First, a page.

FSV Budissa Bautzen 13 13 17 14 18
TSG Neustrelitz 8 1 8 8 18 17
FSV 63 Luckenwalde 16 16 18 x
RB Leipzig II3 11 3
FC Schönberg 954 15 11
Union Berlin II5 12 4 10
VFC Plauen6 10 10 5 13 13 9 16
Energie Cottbus II 15
Torgelower SV Greif 16
Tennis Borussia Berlin 4 1 6 1 2B 2B x
Dresdner SC 13 2
Sachsen Leipzig 2 6 9 4 14 6
Eisenhüttenstädter FC Stahl 8 14 8 3 17 12
VfL Halle 1896 14
Tennis Borussia Berlin II 15
Lok Altmark Stendal 16 8 11 9 12 16
Spandauer SV 14 10 16 13 16
SD Croatia Berlin 18
Hertha Zehlendorf 10 12 15 15
Reinickendorfer Füchse 6 9 14 16
Hansa Rostock II 18
SC Charlottenburg 17
FSV Velten 15 18
BSV Stahl Brandeburg 17
Türkiyemspor Berlin 18
  • 1 Rot-Weiß Erfurt declared insolvency during the 2019–20 season and was automatically relegated.[22]
  • 2 Wacker Nordhausen withdrew for financial reasons at the end of the 2019–20 season.[23]
  • 3 RB Leipzig II was withdrawn from competition at the end of the 2016–17 season.
  • 4 FC Schönberg withdrew from the league also for financial reasons at the end of the 2016–17 season.[24]
  • 5 1. FC Union Berlin II was also withdrawn from competition at the end of the 2014–15 season.
  • 6 VFC Plauen also declared insolvency during the 2014–15 season and was automatically relegated.[25]

KeyEdit

Symbol Key
B Bundesliga
2B 2. Bundesliga
3L 3. Liga
1 League champions
Place League
Blank Played at a league level below this league
RL Played in one of the other Regionalligas

ReferencesEdit

  1. ^ DFB-Bundestag beschließt Reform der Spielklassen (in German) DFB website. 22 October 2010. Retrieved 15 May 2012
  2. ^ DFB weitet die Spielklassenreform aus (in German) kicker.de. 29 April 2011. Retrieved 15 May 2012
  3. ^ "Lauth lost Aufstiegsspiele zur 3. Liga aus" [Lauth draws promotion matches to the 3. Liga]. DFB.de (in German). German Football Association. 27 April 2018. Retrieved 12 June 2018.
  4. ^ "Änderung der Aufstiegsregelung in der Regionalliga beschlossen" [Change of promotion format in the Regionalliga decided upon]. dfb.de. Deutscher Fußball-Bund. 8 December 2017. Retrieved 12 June 2018.
  5. ^ "Eigener Ausschuss und neue Aufstiegsregelung zur 3. Liga" [Own committee and new promotion scheme to the 3. Liga]. DFB.de. DFB. 27 September 2019.
  6. ^ Regionalliga Nordost 2012/2013 .:. Zuschauer .:. Heimspiele (in German) Weltfussball.de. Retrieved 28 May 2013
  7. ^ Regionalliga Nordost 2012/2013 .:. Torschützenliste (in German) Weltfussball.de. Retrieved 28 May 2013
  8. ^ Regionalliga Nordost 2013/2014 .:. Zuschauer .:. Heimspiele (in German) Weltfussball.de. Retrieved 22 May 2014
  9. ^ Regionalliga Nordost 2013/2014 » Torschützenliste (in German) Weltfussball.de. Retrieved 22 May 2014
  10. ^ Regionalliga Nordost 2014/2015 .:. Zuschauer .:. Heimspiele (in German) Weltfussball.de. Retrieved 20 May 2015
  11. ^ Regionalliga Nordost 2014/2015 » Torschützenliste (in German) Weltfussball.de. Retrieved 20 May 2015
  12. ^ "Regionalliga Nordost 2015/2016 » Zuschauer » Heimspiele" [Regionalliga Nordost 2015–16 home games spectators]. weltfussball.de (in German). Retrieved 4 May 2016.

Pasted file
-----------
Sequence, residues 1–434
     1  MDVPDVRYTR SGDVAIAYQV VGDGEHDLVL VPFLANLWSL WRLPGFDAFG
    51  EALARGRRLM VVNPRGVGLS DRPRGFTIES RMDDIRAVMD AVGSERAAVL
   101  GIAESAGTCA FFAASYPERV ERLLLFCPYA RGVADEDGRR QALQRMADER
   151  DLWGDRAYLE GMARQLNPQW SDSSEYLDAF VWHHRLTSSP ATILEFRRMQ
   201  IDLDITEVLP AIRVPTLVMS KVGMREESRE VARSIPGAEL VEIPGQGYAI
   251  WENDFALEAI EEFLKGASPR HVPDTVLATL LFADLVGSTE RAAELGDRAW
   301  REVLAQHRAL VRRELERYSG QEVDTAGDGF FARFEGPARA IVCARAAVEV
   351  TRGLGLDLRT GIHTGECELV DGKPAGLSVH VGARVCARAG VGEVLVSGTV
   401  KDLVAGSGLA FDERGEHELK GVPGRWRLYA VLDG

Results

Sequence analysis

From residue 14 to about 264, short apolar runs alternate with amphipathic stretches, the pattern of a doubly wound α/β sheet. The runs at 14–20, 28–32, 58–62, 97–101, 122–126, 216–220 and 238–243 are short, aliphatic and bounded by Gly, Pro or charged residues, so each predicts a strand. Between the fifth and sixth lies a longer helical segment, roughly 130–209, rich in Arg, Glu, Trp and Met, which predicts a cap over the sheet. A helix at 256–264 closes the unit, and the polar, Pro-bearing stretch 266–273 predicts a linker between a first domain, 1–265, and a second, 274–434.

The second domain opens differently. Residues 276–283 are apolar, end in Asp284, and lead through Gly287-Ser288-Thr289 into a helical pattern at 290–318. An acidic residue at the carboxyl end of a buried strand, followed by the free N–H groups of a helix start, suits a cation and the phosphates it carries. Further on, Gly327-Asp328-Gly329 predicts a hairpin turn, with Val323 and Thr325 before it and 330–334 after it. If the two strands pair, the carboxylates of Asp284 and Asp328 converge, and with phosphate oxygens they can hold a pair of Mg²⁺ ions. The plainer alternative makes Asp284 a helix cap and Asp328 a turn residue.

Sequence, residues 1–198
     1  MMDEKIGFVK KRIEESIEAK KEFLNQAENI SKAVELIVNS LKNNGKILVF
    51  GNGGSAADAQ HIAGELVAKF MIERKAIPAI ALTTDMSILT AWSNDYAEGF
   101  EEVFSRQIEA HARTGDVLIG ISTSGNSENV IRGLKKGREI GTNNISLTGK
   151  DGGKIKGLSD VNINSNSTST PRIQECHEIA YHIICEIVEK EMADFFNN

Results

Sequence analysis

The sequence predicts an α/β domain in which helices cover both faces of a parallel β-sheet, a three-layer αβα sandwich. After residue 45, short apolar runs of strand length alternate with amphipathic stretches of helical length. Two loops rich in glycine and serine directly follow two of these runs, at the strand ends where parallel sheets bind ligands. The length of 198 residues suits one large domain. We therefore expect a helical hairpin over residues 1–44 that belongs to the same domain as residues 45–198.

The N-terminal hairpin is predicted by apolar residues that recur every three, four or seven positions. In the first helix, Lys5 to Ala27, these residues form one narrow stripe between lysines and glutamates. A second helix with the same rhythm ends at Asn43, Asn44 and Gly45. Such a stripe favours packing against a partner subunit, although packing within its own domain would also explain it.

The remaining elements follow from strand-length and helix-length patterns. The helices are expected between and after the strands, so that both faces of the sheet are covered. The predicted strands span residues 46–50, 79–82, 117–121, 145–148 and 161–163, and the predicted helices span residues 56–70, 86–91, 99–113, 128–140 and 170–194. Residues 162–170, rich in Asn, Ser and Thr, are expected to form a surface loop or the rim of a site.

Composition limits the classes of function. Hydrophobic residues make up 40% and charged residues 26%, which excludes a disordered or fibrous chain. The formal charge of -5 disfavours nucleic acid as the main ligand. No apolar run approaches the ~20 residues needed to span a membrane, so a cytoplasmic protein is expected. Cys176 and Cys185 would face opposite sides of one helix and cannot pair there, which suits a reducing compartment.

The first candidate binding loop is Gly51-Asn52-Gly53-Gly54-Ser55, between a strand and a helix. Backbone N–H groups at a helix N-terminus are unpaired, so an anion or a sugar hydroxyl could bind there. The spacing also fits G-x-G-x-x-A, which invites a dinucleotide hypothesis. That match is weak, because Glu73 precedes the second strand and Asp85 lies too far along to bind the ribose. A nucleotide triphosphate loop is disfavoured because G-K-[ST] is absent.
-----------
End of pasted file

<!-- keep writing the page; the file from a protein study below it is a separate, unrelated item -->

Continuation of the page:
13. ^ "Regionalliga Nordost 2015/2016 » Torschützenliste" [Regionalliga Nordost 2015–16 goal scorers]. weltfussball.de (in German). Retrieved 4 May 2016.
  14. ^ "Regionalliga Nordost 2016/2017 » Zuschauer » Heimspiele" [Regionalliga Nordost 2016–17 home games spectators]. weltfussball.de (in German). Retrieved 24 May 2017.
  15. ^ "Regionalliga Nordost 2016/2017 » Torschützenliste" [Regionalliga Nordost 2016–17 goal scorers]. weltfussball.de (in German). Retrieved 24 May 2017.
  16. ^ "Regionalliga Nordost 2017/2018 Zuschauer Heimspiele" [Regionalliga Nordost 2017–18 home games spectators]. weltfussball.de (in German). Retrieved 12 June 2018.
  17. ^ "Regionalliga Nord 2017/2018 Torschützenliste" [Regionalliga Nord 2017–18 goal scorers]. weltfussball.de (in German). Retrieved 12 June 2017.
  18. ^ "Regionalliga Nordost 2018/2019 Zuschauer Heimspiele" [Regionalliga Nordost 2018–19 home games spectators]. weltfussball.de (in German). Retrieved 25 August 2019.
  19. ^ "Regionalliga Nord 2018/2019 Torschützenliste" [Regionalliga Nord 2018–19 goal scorers]. weltfussball.de (in German). Retrieved 25 August 2019.
  20. ^ "Regionalliga Nordost 2019/2020 Zuschauer Heimspiele" [Regionalliga Nordost 2019–20 home games spectators]. weltfussball.de (in German). Retrieved 20 July 2020.
  21. ^ "Regionalliga Nord 2019/2020 Torschützenliste" [Regionalliga Nord 2019–20 goal scorers]. weltfussball.de (in German). Retrieved 20 July 2020.
  22. ^ "Erfurt muss Spielbetrieb einstellen". Welt (in German). 29 January 2020.
  23. ^ "Wacker Nordhausen insolvent: Verein zieht sich aus Regionalliga zurück". Sport im Osten (in German). Mitteldeutscher Rundfunk. 25 June 2020.
  24. ^ "FC Schönberg verlässt die Regionalliga". ndr.de (in German). Norddeutscher Rundfunk. 3 April 2017.
  25. ^ Der Fall VFC Plauen - Chronologie einer Posse Archived 21 February 2015 at the Wayback Machine (in German) Mitteldeutscher Rundfunk. Retrieved 24 February 2015

SourcesEdit

  • Deutschlands Fußball in Zahlen, (in German) An annual publication with tables and results from the Bundesliga to Verbandsliga/Landesliga. DSFS.
  • Kicker Almanach, (in German) The yearbook on German football from Bundesliga to Oberliga, since 1937. Kicker Sports Magazine.
  • Die Deutsche Liga-Chronik 1945-2005 (in German) History of German football from 1945 to 2005 in tables. DSFS. 2006.

External linksEdit